Asylum-seekers from Darfur suffered appalling torture and beatings after being deported to the Sudanese capital Khartoum by the Home Office, according to a report.
Harrowing accounts of the treatment meted out to asylum-seekers were released ahead of a planned demonstration in Parliament today as law lords start hearing a test case that could seal the fate of hundreds of Darfuri people currently facing deportation.
One man told of being beaten in prison for days and burnt with cigarettes, while another described how his guards only pulled back one of their colleagues from shooting him because they feared the shots would be overheard.
Today campaigners are due to stage a protest outside the House of Lords at the start of three weeks of hearings over deportations to Khartoum. The Home Office is attempting to overturn a ruling by the Court of Appeal earlier this year that it was "unduly harsh" to return asylum-seekers to the city.
Yesterday the Aegis Trust, a charity that campaigns against genocide in Darfur and elsewhere, condemned the Government for attempting to send Darfuri people to Khartoum and called for a moratorium on deportations. The trust's report highlights the "shocking" cases of two men, 33-year-old Mohammed Degues Baraker and 31-year-old Sadiq Adam Osman, who told how they were tortured by Sudanese security forces after being deported to Khartoum.
In each case the men escaped back to Britain with the help of the Aegis Trust, which has corroborated their testimonies.
The report also includes detailed accounts of torture from a further three Darfuris interviewed by the trust after their removal to Khartoum.
It also includes details of an interview with a former member of the Sudanese security forces confirming that asylum-seekers returned to Khartoum face "lengthy interrogation" and possible indefinite detention.
It said: "Hundreds of survivors of ethnic cleansing in Darfur, now asylum-seekers or failed asylum-seekers in the UK, remain at risk of removal to face torture in Khartoum due to the British Government's failure to recognise the dangers they face in Sudan outside Darfur, flying in the face of the recommendations of the UNHCR [the UN's refugee agency]".
One asylum-seeker, who was identified only as "AC", told the charity of his treatment at the hands of the Sudanese authorities after he was returned to Khartoum airport in 2003.
He said: "They tied me up and kicked and punched me. They beat me with sticks and cables. They hit my head against the wall."
Another asylum-seeker, "AA", told the charity he was held in the capital's Koba jail after he was sent to Khartoum. He said: "They beat me. Sometimes they hung me up. They tied my legs and hung me upside down. They would leave me like that sometimes six or seven hours, sometimes all day."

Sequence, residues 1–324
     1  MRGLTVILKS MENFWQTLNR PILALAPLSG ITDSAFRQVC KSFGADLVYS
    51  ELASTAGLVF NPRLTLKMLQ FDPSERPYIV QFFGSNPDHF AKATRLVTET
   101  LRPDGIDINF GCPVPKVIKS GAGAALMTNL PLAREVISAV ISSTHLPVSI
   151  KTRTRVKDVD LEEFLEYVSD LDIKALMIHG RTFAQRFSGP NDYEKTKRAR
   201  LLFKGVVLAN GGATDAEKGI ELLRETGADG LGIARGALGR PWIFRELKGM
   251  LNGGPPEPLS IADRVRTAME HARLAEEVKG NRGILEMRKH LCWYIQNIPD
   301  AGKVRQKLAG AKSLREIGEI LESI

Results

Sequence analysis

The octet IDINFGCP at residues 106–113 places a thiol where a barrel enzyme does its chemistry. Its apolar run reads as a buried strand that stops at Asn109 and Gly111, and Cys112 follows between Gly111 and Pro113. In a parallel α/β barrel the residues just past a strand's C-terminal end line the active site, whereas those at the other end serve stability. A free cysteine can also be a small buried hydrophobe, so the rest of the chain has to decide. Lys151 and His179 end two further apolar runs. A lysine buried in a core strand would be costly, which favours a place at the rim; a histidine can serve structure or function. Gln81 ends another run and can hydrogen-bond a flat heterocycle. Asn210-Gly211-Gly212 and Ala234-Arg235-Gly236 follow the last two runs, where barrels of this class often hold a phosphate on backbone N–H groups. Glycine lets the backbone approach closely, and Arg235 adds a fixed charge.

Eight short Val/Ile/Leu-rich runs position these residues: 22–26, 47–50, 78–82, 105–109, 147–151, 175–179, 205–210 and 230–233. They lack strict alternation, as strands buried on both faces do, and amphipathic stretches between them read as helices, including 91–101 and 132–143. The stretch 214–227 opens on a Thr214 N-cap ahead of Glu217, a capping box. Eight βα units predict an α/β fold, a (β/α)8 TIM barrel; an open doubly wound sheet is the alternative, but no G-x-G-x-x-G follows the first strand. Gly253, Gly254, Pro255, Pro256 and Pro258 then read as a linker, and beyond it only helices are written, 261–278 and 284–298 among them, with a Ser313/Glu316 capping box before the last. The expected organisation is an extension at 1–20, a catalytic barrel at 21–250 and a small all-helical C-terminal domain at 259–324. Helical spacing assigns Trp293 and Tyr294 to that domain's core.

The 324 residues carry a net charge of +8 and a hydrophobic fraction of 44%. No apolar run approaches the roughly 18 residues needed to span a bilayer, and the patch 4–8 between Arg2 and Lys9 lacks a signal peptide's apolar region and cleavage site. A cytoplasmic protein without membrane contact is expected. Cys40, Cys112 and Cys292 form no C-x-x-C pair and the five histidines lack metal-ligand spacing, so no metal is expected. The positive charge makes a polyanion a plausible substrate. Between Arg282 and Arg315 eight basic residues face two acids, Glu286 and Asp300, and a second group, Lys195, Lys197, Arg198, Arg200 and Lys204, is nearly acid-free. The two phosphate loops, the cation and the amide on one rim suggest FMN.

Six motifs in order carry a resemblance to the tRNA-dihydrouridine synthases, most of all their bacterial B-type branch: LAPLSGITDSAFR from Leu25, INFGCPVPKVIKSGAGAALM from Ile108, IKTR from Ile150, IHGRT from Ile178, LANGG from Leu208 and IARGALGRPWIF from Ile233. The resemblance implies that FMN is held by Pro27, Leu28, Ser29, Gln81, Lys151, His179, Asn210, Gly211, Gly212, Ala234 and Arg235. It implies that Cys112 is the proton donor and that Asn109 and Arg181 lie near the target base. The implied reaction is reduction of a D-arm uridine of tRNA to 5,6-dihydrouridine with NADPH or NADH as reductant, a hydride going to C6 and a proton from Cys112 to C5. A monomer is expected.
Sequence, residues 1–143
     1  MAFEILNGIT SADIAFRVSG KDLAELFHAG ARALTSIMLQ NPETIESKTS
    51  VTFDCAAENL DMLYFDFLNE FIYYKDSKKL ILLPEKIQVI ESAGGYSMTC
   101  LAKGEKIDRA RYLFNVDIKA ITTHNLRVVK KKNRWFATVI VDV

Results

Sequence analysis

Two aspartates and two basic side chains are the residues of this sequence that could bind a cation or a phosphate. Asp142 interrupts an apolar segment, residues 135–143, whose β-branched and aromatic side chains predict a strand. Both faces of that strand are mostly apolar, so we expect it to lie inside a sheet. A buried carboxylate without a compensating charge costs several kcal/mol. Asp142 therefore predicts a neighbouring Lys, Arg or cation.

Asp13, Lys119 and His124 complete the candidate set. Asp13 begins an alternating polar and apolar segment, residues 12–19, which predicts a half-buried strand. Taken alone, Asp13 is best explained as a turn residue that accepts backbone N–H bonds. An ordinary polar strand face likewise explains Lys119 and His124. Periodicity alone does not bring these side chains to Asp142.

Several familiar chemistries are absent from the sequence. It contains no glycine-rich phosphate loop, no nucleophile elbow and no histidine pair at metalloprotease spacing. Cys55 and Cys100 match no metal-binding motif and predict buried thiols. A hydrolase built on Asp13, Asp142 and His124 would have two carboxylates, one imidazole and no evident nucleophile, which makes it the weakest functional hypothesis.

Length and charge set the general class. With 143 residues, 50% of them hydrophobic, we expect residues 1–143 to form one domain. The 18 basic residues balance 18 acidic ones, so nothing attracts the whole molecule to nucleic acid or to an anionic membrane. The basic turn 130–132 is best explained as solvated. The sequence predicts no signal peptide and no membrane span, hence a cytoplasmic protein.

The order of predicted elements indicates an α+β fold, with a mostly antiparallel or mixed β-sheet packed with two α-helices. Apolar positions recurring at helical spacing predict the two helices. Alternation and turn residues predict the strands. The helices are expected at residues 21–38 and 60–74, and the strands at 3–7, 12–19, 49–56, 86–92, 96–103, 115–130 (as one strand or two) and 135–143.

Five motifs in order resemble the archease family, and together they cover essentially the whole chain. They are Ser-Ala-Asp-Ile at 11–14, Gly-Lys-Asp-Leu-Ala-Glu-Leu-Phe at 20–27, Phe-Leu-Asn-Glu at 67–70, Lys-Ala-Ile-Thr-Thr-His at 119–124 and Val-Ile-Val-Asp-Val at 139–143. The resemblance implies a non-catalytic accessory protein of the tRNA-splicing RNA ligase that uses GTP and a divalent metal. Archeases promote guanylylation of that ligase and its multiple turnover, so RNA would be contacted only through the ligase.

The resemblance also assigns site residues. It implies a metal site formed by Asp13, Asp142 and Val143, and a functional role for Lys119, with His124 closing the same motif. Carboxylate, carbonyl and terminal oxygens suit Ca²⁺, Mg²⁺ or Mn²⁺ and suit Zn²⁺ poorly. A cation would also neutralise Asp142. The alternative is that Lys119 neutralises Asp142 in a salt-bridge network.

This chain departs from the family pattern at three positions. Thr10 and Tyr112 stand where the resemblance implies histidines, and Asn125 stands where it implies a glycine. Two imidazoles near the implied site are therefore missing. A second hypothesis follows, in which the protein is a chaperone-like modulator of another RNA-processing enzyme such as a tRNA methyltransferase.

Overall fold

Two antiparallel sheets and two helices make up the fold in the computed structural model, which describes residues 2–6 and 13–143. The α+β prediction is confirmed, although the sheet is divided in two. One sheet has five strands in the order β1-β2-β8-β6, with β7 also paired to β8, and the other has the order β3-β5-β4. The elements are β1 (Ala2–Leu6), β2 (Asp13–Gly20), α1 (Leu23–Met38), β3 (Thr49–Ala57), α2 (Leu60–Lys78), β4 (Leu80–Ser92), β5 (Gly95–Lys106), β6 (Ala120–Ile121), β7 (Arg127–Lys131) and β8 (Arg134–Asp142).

Dr James Smith, chief executive of the Aegis Trust, said: "Gordon Brown has shown welcome leadership on Darfur.
"However, sending Darfuri survivors to Khartoum sends a message that Britain regards the Sudanese security apparatus as trustworthy – the same security apparatus responsible for the atrocities in Darfur."
A Home Office spokesman said: "As we have repeatedly made clear, the Government has grave concerns about the appalling human rights situation in Darfur and continues to press for an end to abuses. Each case must be considered individually. That is what we do and will continue to do, ensuring that those who need our protection receive it, while those who do not can be returned.
"We do not expect those who face persecution in Darfur to return to Darfur, but we do not think it unreasonable to expect failed asylum-seekers to relocate to Khartoum, where the Court of Appeal found there is no risk of persecution."
In their own words
Sadiq Adam Osman, 31, from north Darfur. A former member of the Sudan Liberation Movement, he fled in 2004 after his mother and brother were killed by the Janjaweed but was returned to Khartoum last year, only to be beaten and interrogated by Sudanese officials.
"The beating and questions went on for days. I was blindfolded most of the time, so I couldn't see what they were using to beat me. Once when the blindfold was off though, I saw a piece of electric cable. My whole body was numb so I couldn't feel anything any more. I was bleeding everywhere, I was soaked in blood. They never let me use a toilet. The room was covered with my faeces and urine. At times I lost consciousness. I was expecting to die. "
Mohammed Degues Baraker, 33, from north Darfur. He fled his hometown in 2004 after a series of land and air attacks on the area. He travelled to Britain but was deported to Khartoum last year. He says he was beaten at Khartoum airport.
"At first they beat me up with their hands, hit me in the head and slapped me around and then I was transferred to a room where they tied my hands and feet, blindfolded me, questioned me and beat me with sticks. They did many things there. Throughout the time I spent in the airport I was beaten up severely by the Sudanese officials. One of my teeth came out in the beating. I arrived around 5am. They let me out around midnight. At that time I was bleeding."Reuse content